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UKGBP

A Busy Week Ahead For UK Traders

Michael Brown
Market Analyst
9 Feb 2023
While the latest US inflation figures will be next week’s highlight, we mustn’t forget that a jam-packed week of UK releases also awaits. Given the BoE’s data-dependence as we move towards the end of the tightening cycle, amid increasing signs that the UK economy continues to lose momentum. Not only is the economy at an interesting juncture, but UK assets are as well, with the FTSE 100 touching new all-time highs, the GBP trading very choppily indeed, and gilts having rallied strongly across the curve to start the year.

As noted, the UK economy is in a relatively delicate spot; despite having avoided sliding into a technical recession in the fourth quarter, all is far from rosy. The latest PMI figures pointed to a continued economic contraction as the year got underway, with all three gauges (manufacturing, services, and composite) having now been beneath the key 50.0 mark between expansion and contraction since last September.

Couple this with deteriorating consumer and business confidence, in addition to other leading indicators heading in a similar direction, it’s perhaps remarkable that cable has managed to hold its ground above the 1.20 handle.

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Having said that, from a technical standpoint cable is in an interesting spot, being sandwiched between the 50-dma to the upside, and the 200-dma to the downside. Implied vols price a range of +/- 161 pips (with a 68% degree of confidence) over the next week, hence these two levels are the first that should be on traders’ radars.

Macro Rundown

So, what could inject a bit of life into the quid, and see us take on the aforementioned levels?

It is a little tough to pinpoint which of the three releases – employment (Tues), inflation (Weds), and retail sales (Fri) – is likely to have the most significant impact on UK assets, given how the MPC appear split not only on the policy outlook, but also on whether upside inflation risks, or downside risks to the growth outlook, should take precedence when making policy decisions.

Consequently, it seems logical to take the data in turn, beginning with the December jobs figures. Headline unemployment should stay at 3.7%, though it is earnings where attention is likely to fall, given the implications of wage growth on the inflation outlook. Earnings growth should cool to an annual pace of around 6.2%, however this is before a range of public sector industrial disputes have been settled, which could see wage growth reaccelerate over the short-term.

Moving on, Wednesday’s inflation print is set to show price pressures continuing to abate, while again pointing to a widening divergence between headline and core CPI measures. CPI should rise by 10.2% YoY, still over 5x the BoE’s target, but a 0.3pp decline on the prior month, as well as marking a second straight month of easing inflation. Core inflation, however, which strips out the impact of volatile food and energy prices, is likely to accelerate once more, to 6.4% YoY, evidencing the difficult predicament that the Bank currently find themselves in.

Rounding off the week, Friday’s retail sales report will prove a key bellwether of consumer health, and is likely to attract extra attention after a dismal festive trading period. Sales are likely to stagnate on a MoM basis, as the cost of living crisis continues to bite. The report will also likely again show how inflation is biting in the ‘real world’, with the value of sales set to rise significantly, even if volume does not; evidencing how, compared to a year prior, it costs more, to procure less.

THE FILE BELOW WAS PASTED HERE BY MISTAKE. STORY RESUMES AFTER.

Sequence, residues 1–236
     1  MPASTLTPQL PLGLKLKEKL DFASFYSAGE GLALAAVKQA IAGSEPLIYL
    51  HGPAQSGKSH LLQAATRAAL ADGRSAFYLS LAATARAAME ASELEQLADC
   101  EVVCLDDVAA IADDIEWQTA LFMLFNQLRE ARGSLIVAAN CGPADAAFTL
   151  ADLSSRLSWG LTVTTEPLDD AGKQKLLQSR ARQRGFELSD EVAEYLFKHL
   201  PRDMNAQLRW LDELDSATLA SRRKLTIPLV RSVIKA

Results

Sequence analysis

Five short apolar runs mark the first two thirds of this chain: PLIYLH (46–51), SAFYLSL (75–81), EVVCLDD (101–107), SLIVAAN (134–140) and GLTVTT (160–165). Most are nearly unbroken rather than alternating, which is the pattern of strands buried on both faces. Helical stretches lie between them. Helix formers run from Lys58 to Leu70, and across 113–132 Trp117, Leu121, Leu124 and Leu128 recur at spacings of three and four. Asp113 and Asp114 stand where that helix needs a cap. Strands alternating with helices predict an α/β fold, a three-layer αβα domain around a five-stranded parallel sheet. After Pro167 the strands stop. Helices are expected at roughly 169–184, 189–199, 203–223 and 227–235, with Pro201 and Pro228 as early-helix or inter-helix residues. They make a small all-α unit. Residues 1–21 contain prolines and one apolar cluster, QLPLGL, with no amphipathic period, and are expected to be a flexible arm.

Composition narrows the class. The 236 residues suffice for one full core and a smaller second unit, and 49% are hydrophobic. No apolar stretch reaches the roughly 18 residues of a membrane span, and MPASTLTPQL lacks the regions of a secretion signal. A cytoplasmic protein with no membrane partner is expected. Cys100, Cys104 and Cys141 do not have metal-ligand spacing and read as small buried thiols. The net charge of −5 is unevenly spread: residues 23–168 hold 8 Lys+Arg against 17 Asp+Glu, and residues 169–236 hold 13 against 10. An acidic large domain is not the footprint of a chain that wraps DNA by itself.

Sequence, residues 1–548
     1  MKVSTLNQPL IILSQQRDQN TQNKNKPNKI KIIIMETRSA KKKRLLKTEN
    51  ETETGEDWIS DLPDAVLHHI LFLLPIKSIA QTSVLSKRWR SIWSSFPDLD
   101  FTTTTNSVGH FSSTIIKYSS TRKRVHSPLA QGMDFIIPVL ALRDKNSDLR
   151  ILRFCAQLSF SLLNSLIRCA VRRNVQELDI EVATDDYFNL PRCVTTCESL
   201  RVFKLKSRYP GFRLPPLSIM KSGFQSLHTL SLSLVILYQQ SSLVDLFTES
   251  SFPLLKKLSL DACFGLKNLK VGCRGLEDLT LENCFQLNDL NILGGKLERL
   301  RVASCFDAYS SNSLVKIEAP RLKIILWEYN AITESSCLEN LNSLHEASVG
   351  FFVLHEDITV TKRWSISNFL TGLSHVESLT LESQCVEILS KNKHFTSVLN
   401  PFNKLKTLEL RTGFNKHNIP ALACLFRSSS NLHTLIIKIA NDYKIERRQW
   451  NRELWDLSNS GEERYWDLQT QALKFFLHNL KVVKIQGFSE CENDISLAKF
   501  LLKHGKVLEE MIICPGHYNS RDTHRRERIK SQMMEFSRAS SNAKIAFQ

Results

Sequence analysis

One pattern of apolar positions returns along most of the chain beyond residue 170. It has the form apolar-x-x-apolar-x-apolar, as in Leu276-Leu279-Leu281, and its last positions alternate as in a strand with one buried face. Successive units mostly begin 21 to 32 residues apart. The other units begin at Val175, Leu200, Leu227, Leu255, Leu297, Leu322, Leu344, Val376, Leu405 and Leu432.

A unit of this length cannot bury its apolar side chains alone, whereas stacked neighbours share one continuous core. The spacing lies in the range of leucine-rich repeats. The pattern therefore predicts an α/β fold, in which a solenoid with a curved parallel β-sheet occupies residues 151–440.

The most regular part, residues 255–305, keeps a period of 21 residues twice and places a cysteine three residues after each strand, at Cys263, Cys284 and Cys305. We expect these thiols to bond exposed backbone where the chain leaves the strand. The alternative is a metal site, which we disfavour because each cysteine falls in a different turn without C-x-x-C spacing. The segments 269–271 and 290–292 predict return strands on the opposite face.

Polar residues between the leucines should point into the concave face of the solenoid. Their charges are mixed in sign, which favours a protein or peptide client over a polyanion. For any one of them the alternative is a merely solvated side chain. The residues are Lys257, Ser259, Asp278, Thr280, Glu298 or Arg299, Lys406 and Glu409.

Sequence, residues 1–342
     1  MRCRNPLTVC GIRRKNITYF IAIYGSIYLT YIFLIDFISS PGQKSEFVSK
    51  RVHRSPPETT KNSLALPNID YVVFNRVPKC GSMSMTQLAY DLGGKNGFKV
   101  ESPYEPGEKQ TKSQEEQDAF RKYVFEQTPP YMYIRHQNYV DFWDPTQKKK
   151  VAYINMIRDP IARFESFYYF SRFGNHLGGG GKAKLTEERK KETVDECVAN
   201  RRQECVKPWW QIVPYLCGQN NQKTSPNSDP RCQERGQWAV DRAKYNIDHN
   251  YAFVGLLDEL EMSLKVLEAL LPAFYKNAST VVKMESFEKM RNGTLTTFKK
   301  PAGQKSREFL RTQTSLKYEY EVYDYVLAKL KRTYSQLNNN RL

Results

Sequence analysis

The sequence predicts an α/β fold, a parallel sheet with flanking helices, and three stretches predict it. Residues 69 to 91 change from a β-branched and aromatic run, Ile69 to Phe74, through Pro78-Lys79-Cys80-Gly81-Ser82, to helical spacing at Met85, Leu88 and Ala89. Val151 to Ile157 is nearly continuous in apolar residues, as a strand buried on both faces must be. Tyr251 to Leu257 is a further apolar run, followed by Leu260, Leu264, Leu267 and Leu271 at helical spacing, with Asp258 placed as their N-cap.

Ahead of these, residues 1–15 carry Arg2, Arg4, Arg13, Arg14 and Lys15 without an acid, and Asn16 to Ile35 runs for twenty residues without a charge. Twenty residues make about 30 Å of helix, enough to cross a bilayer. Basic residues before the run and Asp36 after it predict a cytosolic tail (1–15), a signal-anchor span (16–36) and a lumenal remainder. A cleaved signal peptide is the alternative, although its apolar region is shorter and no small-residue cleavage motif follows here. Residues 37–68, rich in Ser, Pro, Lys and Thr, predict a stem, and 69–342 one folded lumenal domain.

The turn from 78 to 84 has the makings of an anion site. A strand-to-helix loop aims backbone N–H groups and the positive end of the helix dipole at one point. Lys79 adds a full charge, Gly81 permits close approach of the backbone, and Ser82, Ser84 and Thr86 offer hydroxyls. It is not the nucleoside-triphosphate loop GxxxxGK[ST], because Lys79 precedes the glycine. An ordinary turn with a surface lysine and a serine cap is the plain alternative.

Policy Pricing

The market impact of this data deluge will, almost entirely, depend on how it is perceived to impact the BoE outlook. Money markets presently assign a roughly 75% likelihood to the BoE raising rates by a further 25bps next month, while also assigning a two-thirds chance to a further such hike at the following MPC meeting in May.

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In light of recent comments from BoE policymakers, which have by and large taken on a dovish bent, including one MPC member – Tenreyro – even touting the possibility of voting for rate cuts, this pricing seems punchy to say the least. Softer than expected figures, as survey data presently points to, would help to support this view, likely leading to downside in GBP pairs.

Trading the GBP

Said downside is likely to be particularly noticeable against those G10s where central banks remain far from concluding their respective tightening cycles – especially the EUR and the AUD.

EUR/GBP has backed off a little of late, with a foray above the 0.89 handle fizzling out rather rapidly, though the fundamental backdrop – a significant data, and policy, divergence in the EUR’s favour – continues to support a bullish view. A break beneath the pink ascending trend-line would make one want to reconsider, however.

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UK Equities Outlook

A softer pound, however, is likely to be good news for the FTSE 100, which trades at all-time highs once more. This is due to the well-known inverse correlation between the two assets, which stems from the majority of the benchmark index’s firms generating the bulk of their revenues from overseas.

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This latter point is another reason why the index is likely to be able to shrug off any domestic data weakness, given that there is little reliance on UK consumers or businesses for revenue generation. A test, and probably break, above 8000 looks likely in the short-term, especially with the broad rotation towards value names, and out of US indices, set to continue.

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